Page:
Post-pandemic working model: Is there a one size fits all?
Remote Work: Yes or No? Positive or negative?
Before Covid our working reality seemed to be set in stone. We would go every single day to the office, regardless of traffic, weather, or other factors - sometimes even when we had a "soft" cold. It was the norm and not many of us questioned it.
The pandemic shifted reality as we knew it and we were forced to adapt which we did quite promptly. It has been two tough years dealing with illness, death, depression while juggling personal and professional challenges.
Reality started shifting again while the pandemic slowly stabilized. Individuals and organizations had to adapt and adjust trying to find the best fit. From going back to the office full-time to hybrid models to working fully remote, options have been discussed and progressively adopted.
One question remains: Is there a more adequate working model? Well, I would say it depends...on what exactly? - you wonder.
A myriad of studies was conducted during the past three years, a considerable amount of them focusing on the benefits and consequences of working remotely. Despite its diversity, the results are quite interesting.
For some people, working from home is seen as positive and convenient. In a study from 2022 (George, TJ, et al.), 71% of the participants stated greater freedom and creativity since working from home, 59% mentioned a greater work-life balance, and 50% reported being more productive.
A different study (YA, TH et al., 2021) focusing on psychical and mental health shown curious results, a mixture between positive and negative effects of remote work. On the one hand, it shown a decrease in psychical and psychological stress as well as increase in medium- and high-intensity physical exercise. On the other hand, working from home increased the time seated to 70%. In addition, there was an increase in the consumption of addictive substances (tobacco and alcohol) as well as sugar intake.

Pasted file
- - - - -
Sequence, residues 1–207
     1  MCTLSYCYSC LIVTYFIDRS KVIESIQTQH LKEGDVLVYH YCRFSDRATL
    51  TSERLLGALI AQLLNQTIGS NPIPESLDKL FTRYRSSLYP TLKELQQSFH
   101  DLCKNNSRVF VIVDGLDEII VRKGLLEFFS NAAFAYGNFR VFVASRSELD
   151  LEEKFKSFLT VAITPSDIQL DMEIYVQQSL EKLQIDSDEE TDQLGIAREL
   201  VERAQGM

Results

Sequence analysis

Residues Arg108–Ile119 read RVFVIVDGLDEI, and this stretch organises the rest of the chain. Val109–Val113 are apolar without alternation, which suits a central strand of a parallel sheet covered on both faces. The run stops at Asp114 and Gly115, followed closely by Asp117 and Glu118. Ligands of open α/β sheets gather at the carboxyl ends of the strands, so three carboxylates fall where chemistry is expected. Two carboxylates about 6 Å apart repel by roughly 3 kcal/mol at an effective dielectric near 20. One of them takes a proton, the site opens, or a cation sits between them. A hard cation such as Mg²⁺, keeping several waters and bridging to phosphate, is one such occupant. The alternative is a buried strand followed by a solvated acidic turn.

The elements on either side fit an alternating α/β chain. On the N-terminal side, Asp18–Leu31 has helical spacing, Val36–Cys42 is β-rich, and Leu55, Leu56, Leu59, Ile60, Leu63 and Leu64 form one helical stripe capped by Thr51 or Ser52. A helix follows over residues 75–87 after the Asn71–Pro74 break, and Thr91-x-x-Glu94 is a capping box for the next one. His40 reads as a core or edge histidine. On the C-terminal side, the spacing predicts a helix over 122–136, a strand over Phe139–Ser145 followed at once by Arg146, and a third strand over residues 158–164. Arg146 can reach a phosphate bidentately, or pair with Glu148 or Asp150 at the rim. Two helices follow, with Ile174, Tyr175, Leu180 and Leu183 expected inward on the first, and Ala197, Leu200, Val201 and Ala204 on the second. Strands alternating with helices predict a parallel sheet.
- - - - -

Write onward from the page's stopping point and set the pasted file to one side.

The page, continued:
These studies show that answering this question is not a simple task. The situation is not black and white. Furthermore, perspectives change for different people. How come working remotely may well be the perfect scenario for some, but rather a challenge for others?
There is one more study whose theme I find extremely interesting since it brings to the table the individuality factor. This study (Gavoille, N. & Hazans, M., 2022) is based on The Big Five - a personality trait model developed on the 1980s whose five factors are labeled as Consciousness, Openness to Experience, Extraversion, Agreeableness, and Neuroticism.
In simple terms, people who tend to be more disciplined and organized (consciousness) as well as more inventive and curious (openness to experience) showed a higher productivity and preference for working remotely. While people who are more outgoing and communicative (extraversion) as well as more friendly (agreeableness) are more productive while working at the office which is also their preferred workspace. (No correlation was found for the neuroticism trait). Considering the risk of oversimplifying, the reference will be shared for further consultation.
It is hard to say that there is a one size fits all. We are diverse and unique, and we surely have our own working preferences. What is yours? How do you perceive your role as an employee and the organization's role in designing the best way forward?
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